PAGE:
A comparison of the Medieval fjord hydrography and climate regime of the main Norse settlements in Greenland demonstrates important differences in the timing of sea-ice expansion and storminess when comparing the Western and Eastern Settlement regions. The Western Settlement, as well as the northern hunting grounds around Disko Bugt, had already experienced major climate deterioration in the first decades after AD 1200. This regime shift in West Greenland included an expansion of fjord and sea ice (“West Ice”) in coastal waters as well as a drastic atmospheric cooling and an increase in storminess, mainly in the summer season. In contrast, environmental conditions in the Eastern Settlement deteriorated notably later, i.e., around AD 1400. At that time, ice conditions became much more severe, whereas the previously prevailing strong wind activity decreased, which was coeval with a general decrease in aeolian activity in West Greenland, eastern Canada, and NW Iceland. Summer blockage of the fjord entrance by thick, multi-year sea ice (“Storisen”) is a specific feature of the Eastern Settlement area, whereas in the Western Settlement region, the West Ice would have threatened Norse sailing in late winter. We may thus conclude that by shortly after AD 1200 living conditions in the Western Settlement had already became less attractive due to adverse effects of the early, regional climate deterioration. Since then, the Western Settlement was probably increasingly dependent on supplies from the Eastern Settlement, where milder climate conditions continued to prevail for another century. Increased summer blockage of the Eastern Settlement fjords by the Storisen beginning around AD 1400 would have imposed serious limitations to sailing and pasture productivity in coastal areas and is suggested to have played a crucial role in the final demise of the Eastern Settlement a few decades later.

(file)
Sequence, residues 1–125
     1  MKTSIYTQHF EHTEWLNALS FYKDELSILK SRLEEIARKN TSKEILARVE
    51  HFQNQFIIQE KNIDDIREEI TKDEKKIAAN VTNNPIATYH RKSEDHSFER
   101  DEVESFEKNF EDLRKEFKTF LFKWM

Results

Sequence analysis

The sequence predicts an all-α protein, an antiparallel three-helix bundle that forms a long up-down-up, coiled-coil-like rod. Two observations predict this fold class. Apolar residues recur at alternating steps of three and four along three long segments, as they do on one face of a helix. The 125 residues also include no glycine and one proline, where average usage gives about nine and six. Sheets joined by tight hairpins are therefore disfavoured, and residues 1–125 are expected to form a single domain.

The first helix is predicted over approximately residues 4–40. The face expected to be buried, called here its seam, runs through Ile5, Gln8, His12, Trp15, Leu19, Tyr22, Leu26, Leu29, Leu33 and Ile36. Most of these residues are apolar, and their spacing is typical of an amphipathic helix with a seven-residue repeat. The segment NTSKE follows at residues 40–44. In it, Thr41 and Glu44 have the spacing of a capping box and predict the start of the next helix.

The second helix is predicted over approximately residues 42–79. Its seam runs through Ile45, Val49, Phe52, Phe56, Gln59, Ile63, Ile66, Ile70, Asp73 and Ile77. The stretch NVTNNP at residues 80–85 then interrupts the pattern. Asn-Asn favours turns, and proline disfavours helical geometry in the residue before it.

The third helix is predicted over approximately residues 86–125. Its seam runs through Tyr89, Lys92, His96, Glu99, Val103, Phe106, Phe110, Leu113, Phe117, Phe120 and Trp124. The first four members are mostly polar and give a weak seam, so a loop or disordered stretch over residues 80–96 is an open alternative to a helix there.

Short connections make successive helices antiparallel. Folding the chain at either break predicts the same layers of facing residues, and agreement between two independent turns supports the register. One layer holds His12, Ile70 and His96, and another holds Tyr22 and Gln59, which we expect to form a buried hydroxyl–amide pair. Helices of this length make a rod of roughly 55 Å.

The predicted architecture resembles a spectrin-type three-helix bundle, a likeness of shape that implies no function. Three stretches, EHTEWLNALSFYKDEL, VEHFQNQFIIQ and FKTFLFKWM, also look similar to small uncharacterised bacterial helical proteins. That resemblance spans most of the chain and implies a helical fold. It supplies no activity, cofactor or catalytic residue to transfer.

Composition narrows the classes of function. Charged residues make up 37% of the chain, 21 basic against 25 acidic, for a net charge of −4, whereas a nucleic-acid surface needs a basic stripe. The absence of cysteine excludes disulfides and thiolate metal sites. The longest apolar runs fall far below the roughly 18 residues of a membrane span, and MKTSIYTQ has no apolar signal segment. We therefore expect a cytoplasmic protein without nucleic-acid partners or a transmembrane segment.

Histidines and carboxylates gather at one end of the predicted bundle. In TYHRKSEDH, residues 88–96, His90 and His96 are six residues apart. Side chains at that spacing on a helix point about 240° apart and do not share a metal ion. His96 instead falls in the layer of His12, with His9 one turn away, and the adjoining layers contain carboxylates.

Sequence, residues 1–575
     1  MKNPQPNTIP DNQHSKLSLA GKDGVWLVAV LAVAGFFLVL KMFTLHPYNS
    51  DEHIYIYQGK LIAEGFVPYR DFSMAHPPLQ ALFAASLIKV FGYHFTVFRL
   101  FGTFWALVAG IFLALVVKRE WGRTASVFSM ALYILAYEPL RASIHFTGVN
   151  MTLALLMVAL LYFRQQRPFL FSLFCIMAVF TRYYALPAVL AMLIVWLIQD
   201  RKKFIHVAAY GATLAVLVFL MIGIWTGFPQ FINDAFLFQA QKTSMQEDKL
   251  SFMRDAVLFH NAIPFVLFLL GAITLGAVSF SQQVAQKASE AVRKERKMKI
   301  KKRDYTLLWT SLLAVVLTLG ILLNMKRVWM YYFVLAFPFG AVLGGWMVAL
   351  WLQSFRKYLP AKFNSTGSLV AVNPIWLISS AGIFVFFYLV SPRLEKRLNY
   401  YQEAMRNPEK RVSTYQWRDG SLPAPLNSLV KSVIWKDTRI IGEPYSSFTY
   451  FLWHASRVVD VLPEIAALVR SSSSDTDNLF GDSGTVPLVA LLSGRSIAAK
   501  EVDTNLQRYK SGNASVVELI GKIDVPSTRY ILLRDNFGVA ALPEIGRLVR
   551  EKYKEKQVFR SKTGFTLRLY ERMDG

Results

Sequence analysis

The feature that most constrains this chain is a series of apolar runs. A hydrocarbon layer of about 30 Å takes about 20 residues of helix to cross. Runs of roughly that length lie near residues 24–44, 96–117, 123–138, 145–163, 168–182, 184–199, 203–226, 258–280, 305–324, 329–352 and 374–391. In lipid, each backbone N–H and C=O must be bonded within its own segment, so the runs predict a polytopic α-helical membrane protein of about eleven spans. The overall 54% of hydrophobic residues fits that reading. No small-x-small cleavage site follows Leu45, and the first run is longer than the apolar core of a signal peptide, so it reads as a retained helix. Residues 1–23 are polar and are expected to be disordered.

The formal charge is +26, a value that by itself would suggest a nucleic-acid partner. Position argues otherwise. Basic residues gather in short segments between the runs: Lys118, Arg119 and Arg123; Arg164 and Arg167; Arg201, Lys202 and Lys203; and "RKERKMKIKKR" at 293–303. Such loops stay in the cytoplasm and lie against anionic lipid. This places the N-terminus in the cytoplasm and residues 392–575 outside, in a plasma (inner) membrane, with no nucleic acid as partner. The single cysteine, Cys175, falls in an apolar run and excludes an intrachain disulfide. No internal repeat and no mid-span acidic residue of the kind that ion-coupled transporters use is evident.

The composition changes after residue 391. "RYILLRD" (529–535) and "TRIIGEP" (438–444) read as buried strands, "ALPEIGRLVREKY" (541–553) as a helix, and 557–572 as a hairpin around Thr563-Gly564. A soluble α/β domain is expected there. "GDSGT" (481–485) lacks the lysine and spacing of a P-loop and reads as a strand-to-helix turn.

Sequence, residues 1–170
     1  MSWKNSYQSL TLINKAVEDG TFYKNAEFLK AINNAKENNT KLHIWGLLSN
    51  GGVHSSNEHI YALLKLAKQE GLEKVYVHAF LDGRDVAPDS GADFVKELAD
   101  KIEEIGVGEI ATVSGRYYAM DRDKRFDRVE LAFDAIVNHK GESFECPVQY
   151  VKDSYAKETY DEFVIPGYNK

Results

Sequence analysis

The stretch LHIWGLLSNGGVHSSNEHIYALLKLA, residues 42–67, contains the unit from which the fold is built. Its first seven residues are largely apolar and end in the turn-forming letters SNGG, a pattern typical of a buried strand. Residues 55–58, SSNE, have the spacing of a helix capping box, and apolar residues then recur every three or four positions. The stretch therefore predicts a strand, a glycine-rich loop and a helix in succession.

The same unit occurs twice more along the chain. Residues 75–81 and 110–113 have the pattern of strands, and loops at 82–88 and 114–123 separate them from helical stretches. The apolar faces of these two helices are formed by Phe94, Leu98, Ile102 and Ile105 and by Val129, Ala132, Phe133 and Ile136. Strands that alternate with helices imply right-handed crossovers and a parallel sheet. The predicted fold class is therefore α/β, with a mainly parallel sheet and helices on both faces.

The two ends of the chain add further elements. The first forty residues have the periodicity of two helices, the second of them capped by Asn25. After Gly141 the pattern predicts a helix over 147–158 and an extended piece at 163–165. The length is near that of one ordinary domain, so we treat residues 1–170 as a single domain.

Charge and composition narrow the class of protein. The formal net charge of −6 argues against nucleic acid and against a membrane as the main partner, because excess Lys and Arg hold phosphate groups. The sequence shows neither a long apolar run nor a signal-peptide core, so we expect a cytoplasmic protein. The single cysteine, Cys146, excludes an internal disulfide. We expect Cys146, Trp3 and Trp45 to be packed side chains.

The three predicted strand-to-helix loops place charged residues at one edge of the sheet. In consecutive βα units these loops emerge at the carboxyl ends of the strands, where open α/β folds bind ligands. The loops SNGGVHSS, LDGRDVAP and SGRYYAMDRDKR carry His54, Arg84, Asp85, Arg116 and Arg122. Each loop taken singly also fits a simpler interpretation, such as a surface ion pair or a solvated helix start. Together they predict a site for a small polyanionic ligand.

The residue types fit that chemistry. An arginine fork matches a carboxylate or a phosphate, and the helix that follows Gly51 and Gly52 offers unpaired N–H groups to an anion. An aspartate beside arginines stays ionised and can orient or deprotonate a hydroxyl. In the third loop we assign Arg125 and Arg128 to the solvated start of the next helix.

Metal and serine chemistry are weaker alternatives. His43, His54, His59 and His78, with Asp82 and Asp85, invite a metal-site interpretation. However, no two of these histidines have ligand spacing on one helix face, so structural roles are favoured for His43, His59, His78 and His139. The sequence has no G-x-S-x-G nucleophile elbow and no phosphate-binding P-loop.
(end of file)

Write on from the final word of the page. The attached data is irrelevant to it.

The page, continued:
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Vol. 2014 • No. sp6